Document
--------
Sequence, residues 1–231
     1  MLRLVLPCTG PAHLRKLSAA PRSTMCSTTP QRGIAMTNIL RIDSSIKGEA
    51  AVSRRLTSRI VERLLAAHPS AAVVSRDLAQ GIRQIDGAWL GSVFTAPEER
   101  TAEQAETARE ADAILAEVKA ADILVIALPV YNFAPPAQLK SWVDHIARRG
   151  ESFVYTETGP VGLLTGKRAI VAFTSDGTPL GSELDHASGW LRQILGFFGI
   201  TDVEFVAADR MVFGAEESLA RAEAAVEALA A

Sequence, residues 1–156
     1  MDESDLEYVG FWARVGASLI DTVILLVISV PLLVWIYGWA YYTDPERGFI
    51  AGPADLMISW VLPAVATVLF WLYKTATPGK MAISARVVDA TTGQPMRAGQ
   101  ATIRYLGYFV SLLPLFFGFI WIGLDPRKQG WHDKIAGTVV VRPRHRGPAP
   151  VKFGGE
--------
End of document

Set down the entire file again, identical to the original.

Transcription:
Sequence, residues 1–231
     1  MLRLVLPCTG PAHLRKLSAA PRSTMCSTTP QRGIAMTNIL RIDSSIKGEA
    51  AVSRRLTSRI VERLLAAHPS AAVVSRDLAQ GIRQIDGAWL GSVFTAPEER
   101  TAEQAETARE ADAILAEVKA ADILVIALPV YNFAPPAQLK SWVDHIARRG
   151  ESFVYTETGP VGLLTGKRAI VAFTSDGTPL GSELDHASGW LRQILGFFGI
   201  TDVEFVAADR MVFGAEESLA RAEAAVEALA A

Sequence, residues 1–156
     1  MDESDLEYVG FWARVGASLI DTVILLVISV PLLVWIYGWA YYTDPERGFI
    51  AGPADLMISW VLPAVATVLF WLYKTATPGK MAISARVVDA TTGQPMRAGQ
   101  ATIRYLGYFV SLLPLFFGFI WIGLDPRKQG WHDKIAGTVV VRPRHRGPAP
   151  VKFGGE